On March 23th 2015, a high pressure system above Panama Bay blew strong winds landwards. At the Gatun locks, one of the webcams overlooking the Canal neglected the traffic and briefly captured its own images. The ship’s presumed passage through the Gatun locks wasn’t recorded by this camera and the AIS-transponder did not save any data of the ship’s transit from the Pacific to the Atlantic side of the canal: the Authenticity managed to swap oceans undetected.
On February 16th 2016, the transponder still signals the ship near the port of Bahia Las Minas. The current is calm, the ship has been practically immobile for a year.
First published in: De Cleene, M. Reference Guide. Amsterdam: Roma Publications, 2019
Webcam Gatun Locks, Panama Canal, http://www.pancanal.com
The end of 2015. For hours, precipitation of all sorts had impeded a view of the Asian side of the city. Ships went out of sight before they reached the horizon. I can’t recall where exactly we were standing, or what we were visiting. I imagined it to be a place full of history. The Bosporus seemed agitated.
The Greek historian Herodotus wrote about Persian King Xerxes’ torn after a storm demolished the bridge he was building across the Dardanelles, at the other side of the Sea of Marmara: ‘When Xerxes heard of this, he was very angry and commanded that the Hellespont be whipped with three hundred lashes, and a pair of fetters be thrown into the sea. I have even heard that he sent branders with them to brand the Hellespont. He commanded them while they whipped to utter words outlandish and presumptuous, “Bitter water, our master thus punishes you, because you did him wrong though he had done you none. Xerxes the king will pass over you, whether you want it or not; in accordance with justice no one offers you sacrifice, for you are a turbid and briny river.”’1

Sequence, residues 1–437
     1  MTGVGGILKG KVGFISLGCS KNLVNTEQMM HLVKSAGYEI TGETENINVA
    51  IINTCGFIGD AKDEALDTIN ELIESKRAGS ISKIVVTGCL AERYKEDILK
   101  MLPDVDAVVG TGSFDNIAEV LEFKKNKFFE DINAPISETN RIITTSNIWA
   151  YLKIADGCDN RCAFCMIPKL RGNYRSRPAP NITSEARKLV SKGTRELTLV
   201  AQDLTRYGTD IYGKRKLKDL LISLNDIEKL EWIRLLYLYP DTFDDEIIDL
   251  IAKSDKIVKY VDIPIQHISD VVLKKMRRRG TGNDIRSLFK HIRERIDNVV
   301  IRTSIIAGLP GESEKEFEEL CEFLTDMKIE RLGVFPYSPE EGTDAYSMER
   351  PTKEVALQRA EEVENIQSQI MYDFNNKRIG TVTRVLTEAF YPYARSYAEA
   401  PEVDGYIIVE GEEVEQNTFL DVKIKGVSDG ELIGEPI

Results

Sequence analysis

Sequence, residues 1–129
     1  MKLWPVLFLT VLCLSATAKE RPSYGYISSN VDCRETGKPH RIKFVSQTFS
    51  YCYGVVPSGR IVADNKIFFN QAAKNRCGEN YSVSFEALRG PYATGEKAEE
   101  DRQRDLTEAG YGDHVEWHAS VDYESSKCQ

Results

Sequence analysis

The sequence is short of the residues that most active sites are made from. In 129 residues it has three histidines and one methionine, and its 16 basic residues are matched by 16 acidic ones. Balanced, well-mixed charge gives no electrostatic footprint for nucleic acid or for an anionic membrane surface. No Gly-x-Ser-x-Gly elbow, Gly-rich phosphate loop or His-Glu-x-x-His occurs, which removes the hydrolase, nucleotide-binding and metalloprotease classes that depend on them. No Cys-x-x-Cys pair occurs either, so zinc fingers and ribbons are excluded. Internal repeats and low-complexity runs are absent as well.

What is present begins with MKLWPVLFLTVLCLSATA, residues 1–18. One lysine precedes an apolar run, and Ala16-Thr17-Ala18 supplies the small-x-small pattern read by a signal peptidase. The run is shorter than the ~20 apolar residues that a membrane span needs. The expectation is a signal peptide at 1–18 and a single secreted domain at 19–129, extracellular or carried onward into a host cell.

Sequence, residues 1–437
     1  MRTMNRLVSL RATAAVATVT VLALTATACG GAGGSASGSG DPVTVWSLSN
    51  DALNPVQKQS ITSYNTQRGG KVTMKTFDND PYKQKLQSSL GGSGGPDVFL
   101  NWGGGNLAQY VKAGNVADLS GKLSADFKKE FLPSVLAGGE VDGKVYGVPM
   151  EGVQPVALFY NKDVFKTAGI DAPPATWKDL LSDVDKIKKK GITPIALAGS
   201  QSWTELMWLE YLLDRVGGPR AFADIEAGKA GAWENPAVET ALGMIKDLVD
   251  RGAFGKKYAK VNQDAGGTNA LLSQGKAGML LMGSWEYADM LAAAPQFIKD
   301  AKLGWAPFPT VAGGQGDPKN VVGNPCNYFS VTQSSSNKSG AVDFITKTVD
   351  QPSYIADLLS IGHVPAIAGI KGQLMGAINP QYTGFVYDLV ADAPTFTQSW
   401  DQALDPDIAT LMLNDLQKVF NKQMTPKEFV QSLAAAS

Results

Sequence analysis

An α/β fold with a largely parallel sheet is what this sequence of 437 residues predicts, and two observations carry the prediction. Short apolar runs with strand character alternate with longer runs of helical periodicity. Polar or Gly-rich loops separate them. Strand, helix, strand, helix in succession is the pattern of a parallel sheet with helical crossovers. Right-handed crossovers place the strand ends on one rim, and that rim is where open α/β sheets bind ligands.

Two days later, heavy snow delayed our flight back home. For hours, we were stuck inside the cabin, watching the tarmac. Passengers wanting to get out scorned the stewards. Trucks sprayed a fluid on our plane’s wings. We arrived at the family gathering just before midnight. Underneath the unlit fireworks hanging from the chandeliers, desert was being served.
Herodotus. The Histories (A. D. Godley, trans.). Cambridge: Harvard University Press, 1920, book 7, chapter 35. Online: https://www.perseus.tufts.edu/hopper/text?doc=Perseus%3Atext%3A1999.01.0126%3Abook%3D7%3Achapter%3D35
At the beach of Cap d’Antifer in Normandy one can find ‘sea glass’ between the pebbles: pieces of broken glass that have naturally weathered by being tumbled by the ocean, over and over. Sharp edges and smooth surfaces vanish. The historical origin of the glass pebbles (glass bottles, a shipwreck) erodes. Only the colour of the pebbles gives an indication of their history, be it vaguely. Varieties of green sea glass are common, but other colours, such as red (Shlitz beer bottles) or yellow (interbellum Vaseline containers), are more rare and have to be sought after attentively.
It’s 4.15 PM. The tide is pushing three people towards the cliffs.
In his Handboek Varende Scheepsmodellen (Handbook Sailing Ship Models) André Veenstra explains the different classes in ship model-competitions. There’s a wide variety. For static ship models the most important one is ‘truth-to-nature’. A jury compares the model to photographs of the actual ship and brings into account categories such as amount of work, degree of difficulty, scale ratio, construction execution and painting.
The most interesting class – according to Veenstra – is F 6. In this particular class, a number of participants with different boats will form a team. Together, they will perform a certain ‘act’ with a maximum duration of ten minutes. During the act, they mimic a slice of reality. Such as, for example, ‘rescuing’ and towing a ship in distress; extinguishing a fire on a tanker or oil rig, lichen and/or tow the sunken wreckage to the harbor, stage a naval battle, etc.